“Oh, shut up, you stupid bastard.”
I gasped and opened my eyes. Warm sunshine was all over me, heating up the black starchy fabric of my tuxedo. I blinked in confusion, trying to clear my swimming vision. Where the hell was I? Wasn’t I wearing pajamas before?
“Carver, hello? I didn’t mean for you to actually shut up, stupid bastard. I thought you might have a smartass comeback.”
My hand was back on my cell phone and I could hear Andrea loud and clear, but I knew I was no longer inside my house. Aside from the sunshine, I could smell something funny. Car exhaust?
My heart started to race. I remembered that smell.
I whipped my head around wildly, but my vision was still unclear. What the fuck was happening? Panic, panic, panic, hysterical. I flailed my free arm. No air. Panic. I couldn’t see. I couldn’t breathe. This couldn’t be happening. I was going to die. I didn’t want to do this again. Andrea.
“Andrea, what the fuck is happening to me? I think I’m—”
Then the lights came on. It was so surreal. I dropped the phone. It clattered loudly on the pavement.
My Jaguar was shrouded in smoke that was pouring from the still-running engine. The back two wheels jutted out from the dense cloud, and they were spinning slowly. Ominously. I couldn’t see myself since the car was in the way, but there was fresh blood on the grass. My blood. The tree I hit was now naught but a splintered stump.
I gulped. How was this possible? Did God decide I didn’t deserve my second chance? Did he send me back in time to off me for good? If I rounded the car, would I see myself lying there, shards of windshield embedded in my face? Panic spiked. I reached up to touch my scars, and oh my God, my fingers touched smooth and unmarred flesh. I closed my eyes and flattened my palm, reveling in the sensation. My racing heart began to slow. I raked my nails against my cheek and it stung, but I could feel it. How could it be possible?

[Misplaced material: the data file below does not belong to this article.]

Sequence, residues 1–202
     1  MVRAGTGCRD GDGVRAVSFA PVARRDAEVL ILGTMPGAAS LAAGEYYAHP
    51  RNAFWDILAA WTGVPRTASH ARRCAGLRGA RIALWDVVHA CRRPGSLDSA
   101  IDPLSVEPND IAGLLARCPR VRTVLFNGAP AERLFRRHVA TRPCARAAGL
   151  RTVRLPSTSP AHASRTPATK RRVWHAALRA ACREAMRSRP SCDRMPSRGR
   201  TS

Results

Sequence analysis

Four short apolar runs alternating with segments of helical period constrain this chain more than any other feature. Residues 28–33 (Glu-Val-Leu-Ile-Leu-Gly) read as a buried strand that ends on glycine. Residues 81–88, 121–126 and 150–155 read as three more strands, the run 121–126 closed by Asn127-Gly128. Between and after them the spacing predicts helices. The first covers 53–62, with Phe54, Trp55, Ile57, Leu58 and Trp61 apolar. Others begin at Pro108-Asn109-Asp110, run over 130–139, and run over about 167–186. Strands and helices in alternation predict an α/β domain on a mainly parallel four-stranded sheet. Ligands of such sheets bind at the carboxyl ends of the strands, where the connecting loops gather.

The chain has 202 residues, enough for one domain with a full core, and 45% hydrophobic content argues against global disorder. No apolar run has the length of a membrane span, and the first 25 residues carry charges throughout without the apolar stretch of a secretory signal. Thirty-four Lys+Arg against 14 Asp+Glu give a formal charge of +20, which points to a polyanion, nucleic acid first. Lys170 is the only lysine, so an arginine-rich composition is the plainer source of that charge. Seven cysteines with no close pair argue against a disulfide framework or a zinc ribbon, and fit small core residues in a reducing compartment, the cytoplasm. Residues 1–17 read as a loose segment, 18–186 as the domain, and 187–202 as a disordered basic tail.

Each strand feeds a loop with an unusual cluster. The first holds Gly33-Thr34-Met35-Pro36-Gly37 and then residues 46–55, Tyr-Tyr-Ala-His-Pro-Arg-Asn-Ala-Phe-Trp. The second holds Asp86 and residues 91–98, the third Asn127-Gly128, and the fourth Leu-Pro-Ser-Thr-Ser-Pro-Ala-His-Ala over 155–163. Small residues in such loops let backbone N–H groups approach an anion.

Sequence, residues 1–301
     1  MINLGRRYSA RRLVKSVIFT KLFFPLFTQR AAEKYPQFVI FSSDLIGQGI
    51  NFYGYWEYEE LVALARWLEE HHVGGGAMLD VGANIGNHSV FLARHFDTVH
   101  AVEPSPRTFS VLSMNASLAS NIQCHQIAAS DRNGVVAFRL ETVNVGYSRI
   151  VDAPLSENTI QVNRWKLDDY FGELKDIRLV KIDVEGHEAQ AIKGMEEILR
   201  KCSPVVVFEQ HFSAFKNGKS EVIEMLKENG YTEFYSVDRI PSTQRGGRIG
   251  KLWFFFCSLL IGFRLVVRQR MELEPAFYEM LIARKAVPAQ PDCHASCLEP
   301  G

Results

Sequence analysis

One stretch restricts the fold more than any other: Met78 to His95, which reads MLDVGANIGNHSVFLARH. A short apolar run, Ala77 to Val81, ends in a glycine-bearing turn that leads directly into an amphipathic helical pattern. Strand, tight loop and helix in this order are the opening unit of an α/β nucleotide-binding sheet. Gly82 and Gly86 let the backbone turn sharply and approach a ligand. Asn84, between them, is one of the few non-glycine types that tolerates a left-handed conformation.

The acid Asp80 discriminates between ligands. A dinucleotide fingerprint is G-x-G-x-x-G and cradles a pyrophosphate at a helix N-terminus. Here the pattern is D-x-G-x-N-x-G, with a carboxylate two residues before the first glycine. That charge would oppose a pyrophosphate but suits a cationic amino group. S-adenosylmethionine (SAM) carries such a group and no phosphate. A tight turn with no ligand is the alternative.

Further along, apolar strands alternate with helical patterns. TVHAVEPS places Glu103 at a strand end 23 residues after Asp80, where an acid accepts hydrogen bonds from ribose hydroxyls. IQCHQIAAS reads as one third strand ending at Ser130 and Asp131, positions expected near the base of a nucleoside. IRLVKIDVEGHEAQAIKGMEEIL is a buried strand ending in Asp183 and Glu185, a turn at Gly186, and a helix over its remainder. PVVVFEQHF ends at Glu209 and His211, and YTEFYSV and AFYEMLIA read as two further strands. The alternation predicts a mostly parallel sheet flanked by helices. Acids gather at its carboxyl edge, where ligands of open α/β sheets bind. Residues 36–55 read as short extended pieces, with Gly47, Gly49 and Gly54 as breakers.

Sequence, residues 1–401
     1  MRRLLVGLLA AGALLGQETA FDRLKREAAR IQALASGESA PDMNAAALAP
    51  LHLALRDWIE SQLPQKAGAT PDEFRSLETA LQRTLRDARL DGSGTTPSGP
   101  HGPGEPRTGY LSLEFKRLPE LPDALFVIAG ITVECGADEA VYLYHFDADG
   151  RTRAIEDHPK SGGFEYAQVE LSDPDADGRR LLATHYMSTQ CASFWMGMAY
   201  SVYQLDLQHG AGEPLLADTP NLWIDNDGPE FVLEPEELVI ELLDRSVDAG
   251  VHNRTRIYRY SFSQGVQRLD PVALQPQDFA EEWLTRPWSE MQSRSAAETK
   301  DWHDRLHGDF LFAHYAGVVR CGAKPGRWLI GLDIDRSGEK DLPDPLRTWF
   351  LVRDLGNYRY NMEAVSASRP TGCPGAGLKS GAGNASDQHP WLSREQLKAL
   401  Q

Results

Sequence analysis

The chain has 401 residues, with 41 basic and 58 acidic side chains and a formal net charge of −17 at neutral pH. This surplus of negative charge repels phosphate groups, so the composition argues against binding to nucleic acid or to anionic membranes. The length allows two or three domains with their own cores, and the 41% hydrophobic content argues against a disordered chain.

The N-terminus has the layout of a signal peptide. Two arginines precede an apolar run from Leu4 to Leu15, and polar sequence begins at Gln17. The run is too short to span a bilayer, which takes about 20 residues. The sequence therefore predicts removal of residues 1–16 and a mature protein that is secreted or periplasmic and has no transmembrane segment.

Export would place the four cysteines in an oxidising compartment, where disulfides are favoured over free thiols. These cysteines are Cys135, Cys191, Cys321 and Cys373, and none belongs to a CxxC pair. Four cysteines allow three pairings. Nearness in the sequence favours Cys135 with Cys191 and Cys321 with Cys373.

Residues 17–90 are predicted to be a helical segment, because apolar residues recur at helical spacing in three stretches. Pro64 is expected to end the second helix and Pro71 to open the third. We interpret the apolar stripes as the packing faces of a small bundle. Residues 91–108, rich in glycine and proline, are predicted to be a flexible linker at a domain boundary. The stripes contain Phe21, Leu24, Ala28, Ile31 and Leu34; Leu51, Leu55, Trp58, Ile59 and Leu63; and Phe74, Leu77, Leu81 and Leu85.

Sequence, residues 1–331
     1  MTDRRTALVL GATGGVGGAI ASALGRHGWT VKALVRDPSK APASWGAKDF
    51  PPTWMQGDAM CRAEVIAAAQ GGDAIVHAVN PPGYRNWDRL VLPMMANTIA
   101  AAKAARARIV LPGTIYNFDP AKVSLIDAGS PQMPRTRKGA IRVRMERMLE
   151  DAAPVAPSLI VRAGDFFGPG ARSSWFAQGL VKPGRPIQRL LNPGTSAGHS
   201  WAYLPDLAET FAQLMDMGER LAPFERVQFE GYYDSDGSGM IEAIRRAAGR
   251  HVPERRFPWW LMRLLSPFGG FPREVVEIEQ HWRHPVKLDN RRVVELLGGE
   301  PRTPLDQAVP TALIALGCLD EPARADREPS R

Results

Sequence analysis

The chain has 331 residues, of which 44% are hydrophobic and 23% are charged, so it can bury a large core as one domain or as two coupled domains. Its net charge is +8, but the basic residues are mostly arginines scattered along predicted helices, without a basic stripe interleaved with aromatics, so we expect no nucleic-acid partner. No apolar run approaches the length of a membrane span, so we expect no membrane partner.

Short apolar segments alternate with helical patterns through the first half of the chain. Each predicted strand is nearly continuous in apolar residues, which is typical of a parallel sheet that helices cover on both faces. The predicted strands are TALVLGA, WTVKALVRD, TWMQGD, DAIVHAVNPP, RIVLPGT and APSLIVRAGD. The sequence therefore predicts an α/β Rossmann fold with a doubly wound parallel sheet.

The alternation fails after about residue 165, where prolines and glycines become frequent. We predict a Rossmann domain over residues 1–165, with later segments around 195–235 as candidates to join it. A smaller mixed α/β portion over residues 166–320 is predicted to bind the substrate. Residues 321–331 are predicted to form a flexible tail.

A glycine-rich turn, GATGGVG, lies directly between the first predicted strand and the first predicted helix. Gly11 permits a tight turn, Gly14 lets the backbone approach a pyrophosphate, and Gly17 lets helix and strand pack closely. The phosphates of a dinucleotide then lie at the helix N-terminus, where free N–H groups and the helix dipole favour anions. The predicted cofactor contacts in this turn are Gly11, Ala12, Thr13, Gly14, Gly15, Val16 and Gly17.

Flames belched from beneath the hood and I snapped open my eyes. Oh, Christ, the car was about to explode. Fuck, was I on the other side? My eyes widened. What if I could save myself? How much better would I look without the burn scars? I ran full-throttle toward the crumpled black tin can that used to be my Jag. The sight of my blood-streaked hand emerged from the smoke.
“NO!” I screamed. I tried to make my legs move faster, but fire was roiling through the cab. No no no no no. It was going to hit the gas tank.
I was face-down in a pool of blood and my body was a disjointed mess. Glass was everywhere. My left leg faced the wrong way. My arm was draped casually across my back, separated entirely from my shoulder. Tears spilled down my face. I stooped and tried to grab the unbroken arm, tried to drag myself away from the wreckage, but the strength was gone from my arms. I pulled and pulled, blood pounding in my ears, heard the tired engine die.
I screamed in frustration. I wouldn’t budge.
The car exploded. I heard the boom, but did not feel the heat. Blackness again.
When I came to I was lying on the floor, my cheek pressed to the cool wood. I could feel every insensate ridge of the network of scars. Andrea was chattering loudly, still, but I didn’t reach for the phone.
I rolled onto my back and reached again to brush my fingertips over the scars. When I felt the roughness, my heart sank, and I hated God, and I screamed at the ceiling and cried.